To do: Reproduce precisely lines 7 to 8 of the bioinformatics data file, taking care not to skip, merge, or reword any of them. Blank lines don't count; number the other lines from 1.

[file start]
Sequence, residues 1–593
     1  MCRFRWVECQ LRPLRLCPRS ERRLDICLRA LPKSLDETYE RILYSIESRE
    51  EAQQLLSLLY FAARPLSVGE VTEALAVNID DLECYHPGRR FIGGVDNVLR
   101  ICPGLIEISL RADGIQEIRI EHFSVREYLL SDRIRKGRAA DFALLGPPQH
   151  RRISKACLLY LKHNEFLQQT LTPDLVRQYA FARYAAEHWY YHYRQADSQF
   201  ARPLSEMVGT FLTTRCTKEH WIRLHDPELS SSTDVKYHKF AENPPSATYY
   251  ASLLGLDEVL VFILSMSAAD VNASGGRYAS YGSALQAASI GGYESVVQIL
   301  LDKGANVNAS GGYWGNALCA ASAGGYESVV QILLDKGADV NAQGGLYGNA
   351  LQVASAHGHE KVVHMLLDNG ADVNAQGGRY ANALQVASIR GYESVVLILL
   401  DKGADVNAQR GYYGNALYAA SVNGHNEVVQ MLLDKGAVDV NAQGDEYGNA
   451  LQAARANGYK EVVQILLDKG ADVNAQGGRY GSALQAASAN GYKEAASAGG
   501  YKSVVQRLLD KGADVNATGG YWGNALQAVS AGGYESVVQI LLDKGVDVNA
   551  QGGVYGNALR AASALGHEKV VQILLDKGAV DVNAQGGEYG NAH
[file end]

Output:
   251  ASLLGLDEVL VFILSMSAAD VNASGGRYAS YGSALQAASI GGYESVVQIL
   301  LDKGANVNAS GGYWGNALCA ASAGGYESVV QILLDKGADV NAQGGLYGNA